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Mycobacteriology. Leprosy. Transmitted via : Airborne droplets (e.g. coughing ) In a confined space (e.g. jail, at home, school, work etc) General safety : Adequate ventilation; wear masks; early detection and treatment Lab safety:

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transmittance and personal safety

Transmitted via:

    • Airborne droplets (e.g. coughing )
    • In a confined space (e.g. jail, at home, school, work etc)
  • General safety:
      • Adequate ventilation; wear masks; early detection and treatment
  • Lab safety:
      • Use biosafety level 3 cabinets with directional airflow; aerosol free centrifuges; protective coverings, UV light; periodic TB testing, etc.
  • Symptoms:
    • Fatigue, weight loss, cough, fever, night sweats. X-ray illustrates cavitary disease of solitary nodules
Transmittance and personal safety
non chromogens

M. tuberculosis

    • Rough, buff, about 21 days
    • Key reactions: Niacin and Nitrate
    • Confirmation: Nucleic acid probes or HPLC (high performance liquid chromatography).
    • Mainly causes pulmonary illness but can be anywhere.
  • M. avium-intracelluare (M.A.C)
    • Rough or smooth, slow
    • Can be other Runyoun groups
    • Key reactions: lack of niacin and nitrate, growth in NAP and TCH. Semi-quant cat and tellurite are positive
    • Pulmonary, disseminated
  • M. bovis
    • Generally smooth, buff colonies with irregular margins seen after 21 days of incubation at 37ºC.
    • Key reactions: Urease positive, sensitive to TCH
    • Causes pulmonary illness mainly in livestock but can be transmitted from cattle to humans.
non chromogens1

M. xenopi

    • Recovered from water, hot and cold taps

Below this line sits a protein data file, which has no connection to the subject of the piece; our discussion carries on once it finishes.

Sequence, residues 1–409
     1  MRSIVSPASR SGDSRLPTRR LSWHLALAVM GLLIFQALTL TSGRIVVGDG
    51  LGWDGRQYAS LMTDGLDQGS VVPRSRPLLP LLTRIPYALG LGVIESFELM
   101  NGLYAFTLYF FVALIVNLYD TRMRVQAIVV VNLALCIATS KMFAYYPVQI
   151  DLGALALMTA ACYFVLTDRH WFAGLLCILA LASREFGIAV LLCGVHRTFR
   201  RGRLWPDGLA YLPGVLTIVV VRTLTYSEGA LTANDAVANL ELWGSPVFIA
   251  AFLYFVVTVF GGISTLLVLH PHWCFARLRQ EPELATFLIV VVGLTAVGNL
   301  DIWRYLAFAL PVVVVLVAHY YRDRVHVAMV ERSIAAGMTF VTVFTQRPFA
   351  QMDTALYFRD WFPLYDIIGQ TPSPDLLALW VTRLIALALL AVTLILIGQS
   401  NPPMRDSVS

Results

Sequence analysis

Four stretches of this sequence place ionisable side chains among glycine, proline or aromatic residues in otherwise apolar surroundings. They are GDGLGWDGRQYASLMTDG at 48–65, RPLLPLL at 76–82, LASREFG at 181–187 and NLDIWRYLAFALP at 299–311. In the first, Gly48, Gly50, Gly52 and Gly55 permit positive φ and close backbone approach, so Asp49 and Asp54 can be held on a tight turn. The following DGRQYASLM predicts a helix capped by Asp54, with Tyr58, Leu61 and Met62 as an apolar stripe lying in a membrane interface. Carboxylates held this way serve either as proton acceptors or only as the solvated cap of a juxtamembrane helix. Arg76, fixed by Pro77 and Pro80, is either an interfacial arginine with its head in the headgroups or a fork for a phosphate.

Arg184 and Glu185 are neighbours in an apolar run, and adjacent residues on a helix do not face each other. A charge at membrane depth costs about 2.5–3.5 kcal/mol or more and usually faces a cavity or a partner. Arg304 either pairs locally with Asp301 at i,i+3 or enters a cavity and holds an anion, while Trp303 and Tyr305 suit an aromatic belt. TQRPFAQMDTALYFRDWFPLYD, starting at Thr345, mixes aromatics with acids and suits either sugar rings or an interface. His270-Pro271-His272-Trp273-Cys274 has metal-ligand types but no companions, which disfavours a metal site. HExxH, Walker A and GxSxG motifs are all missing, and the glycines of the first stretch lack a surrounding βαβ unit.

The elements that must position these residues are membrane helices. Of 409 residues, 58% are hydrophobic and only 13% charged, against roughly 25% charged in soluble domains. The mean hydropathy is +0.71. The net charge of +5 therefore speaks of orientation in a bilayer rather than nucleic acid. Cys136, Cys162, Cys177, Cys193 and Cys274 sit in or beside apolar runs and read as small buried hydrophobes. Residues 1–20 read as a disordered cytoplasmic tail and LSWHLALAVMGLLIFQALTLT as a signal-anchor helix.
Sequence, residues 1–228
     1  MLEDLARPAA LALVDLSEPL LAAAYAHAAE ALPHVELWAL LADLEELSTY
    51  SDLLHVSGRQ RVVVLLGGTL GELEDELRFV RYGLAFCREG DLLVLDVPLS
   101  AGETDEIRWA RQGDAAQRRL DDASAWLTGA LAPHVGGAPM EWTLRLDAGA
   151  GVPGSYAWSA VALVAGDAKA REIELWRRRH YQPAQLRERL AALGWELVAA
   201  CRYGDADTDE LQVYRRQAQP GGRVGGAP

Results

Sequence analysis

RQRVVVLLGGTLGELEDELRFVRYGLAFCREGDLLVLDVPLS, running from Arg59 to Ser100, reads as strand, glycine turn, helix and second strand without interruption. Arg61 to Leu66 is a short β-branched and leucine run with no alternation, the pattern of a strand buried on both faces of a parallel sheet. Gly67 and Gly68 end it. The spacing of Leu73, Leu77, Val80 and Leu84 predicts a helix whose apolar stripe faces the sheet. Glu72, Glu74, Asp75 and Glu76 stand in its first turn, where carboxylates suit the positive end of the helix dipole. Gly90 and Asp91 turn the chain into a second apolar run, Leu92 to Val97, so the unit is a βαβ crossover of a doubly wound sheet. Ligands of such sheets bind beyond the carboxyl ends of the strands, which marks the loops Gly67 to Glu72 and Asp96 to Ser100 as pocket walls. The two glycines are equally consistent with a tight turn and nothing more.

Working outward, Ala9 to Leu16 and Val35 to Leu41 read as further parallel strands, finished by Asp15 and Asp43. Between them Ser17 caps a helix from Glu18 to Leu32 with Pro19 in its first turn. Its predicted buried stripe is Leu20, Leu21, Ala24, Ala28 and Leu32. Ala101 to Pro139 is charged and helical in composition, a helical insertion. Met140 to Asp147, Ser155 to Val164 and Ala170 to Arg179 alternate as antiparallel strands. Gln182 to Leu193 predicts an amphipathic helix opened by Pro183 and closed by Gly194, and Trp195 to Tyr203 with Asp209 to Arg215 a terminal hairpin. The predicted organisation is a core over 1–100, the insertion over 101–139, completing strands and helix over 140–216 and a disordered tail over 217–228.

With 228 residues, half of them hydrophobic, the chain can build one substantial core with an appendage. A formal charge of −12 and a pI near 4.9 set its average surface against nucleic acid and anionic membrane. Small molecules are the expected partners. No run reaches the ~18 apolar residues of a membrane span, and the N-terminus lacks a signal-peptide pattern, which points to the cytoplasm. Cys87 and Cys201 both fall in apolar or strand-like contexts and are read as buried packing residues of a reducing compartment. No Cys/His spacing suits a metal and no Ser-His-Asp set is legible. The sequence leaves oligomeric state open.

• Can be scotochromogenic
    • Small, slow growing colonies with dense centers and filamentous edges
    • Optimum growth at 42 degrees Celsius
    • Key reactions: Niacin negative, nitrate negative, Catalase positive, arylsulfatase positive, PZA positive
    • Slow progressive pulmonary infection
  • M. haemophilum
    • Rough to smooth buff colonies
    • Optimum growth at 28-32oC
    • Requires heme/hemoglobin for growth
    • Cause lymphadenitis, abscesses, draining fistulas (but mostly in immunocompromised patients)
  • M. ulcerans
    • Slow growth, buff smooth and rough colonies
    • Optimum growth 30-33oC , 6-12 weeks incubation
    • Key reactions: Biochemically inert
    • Bairnsdale ulcer, cutaneous lesions in tropical regions following soil disturbances.

M. kansasii

    • Yellow carotene pigment when exposed to light
    • Rough colonies with wavy edges and dark centers , slow growth at 37 degrees C
    • Key reaction: Niacin negative, strongly positive for

nitrate and catalase, PZA and Tween

80 positive

    • Chronic pulmonary disease
  • M. simiae
    • Smooth, slow growing colonies, 10-21 days at 37 degrees C
    • Key reactions : Niacin positive (can easily be mistake n for M. tuberculosis), Nitrate negative , catalase positive
    • Pulmonary disease
  • M. marinuum
    • Optimum growth at 28oC-32oC
    • Buff colonies seen in the dark, yellow when exposed to light
    • Slow growing, smooth to rough colonies.
    • Key reactions: Niacin and nitrate negative,

catalase negative, PZA


    • Cutaneous infections after trauma in water
  • M. asiaticum
    • Dysgenic and smooth
    • Growth after 15 to 21 days at 37oC
    • Key reactions: Niacin negative, Nitrate

negative, Catalase positive,

Tween 80 positive

    • Rarely causes human infection

M. gordonae

    • Smooth yellow-orange colonies , 10-14 days
    • Optimum temperature: 22-37oC
    • Key reactions: Nitrate negative, catalase positive, Tween 80 positive, urea positive
    • Rarely causes infection
    • Contaminant from tap water (referred to as “tap-water bacillus”)
  • M. szulgai
    • Pigment production is temperature dependent
    • Photochromogen at 22oC
    • Smooth and rough colonies
    • Key reactions: slow hydrolysis of Tween 80, nitrate positive, inability to grow in the presence of 5% NaCl
    • Pulmonary disease
  • M. scrofulaceum
    • 4-6 weeks growth at 25-37 degrees Celsius
    • Smooth light yellow to deep orange colonies with dense centers
    • Key reactions: Nitrate negative, catalase positive, Tween 80 negative, urea positive
    • Associated with cervical lymphadenitis in children
rapid growers

M. fortuitum

    • Growth in 3-5 days of incubation at 37oC
    • Buff rough or smooth colonies
    • Key reactions: Positive 3-day arylsulfatase test, nitrate positive, NaCl positive, iron positive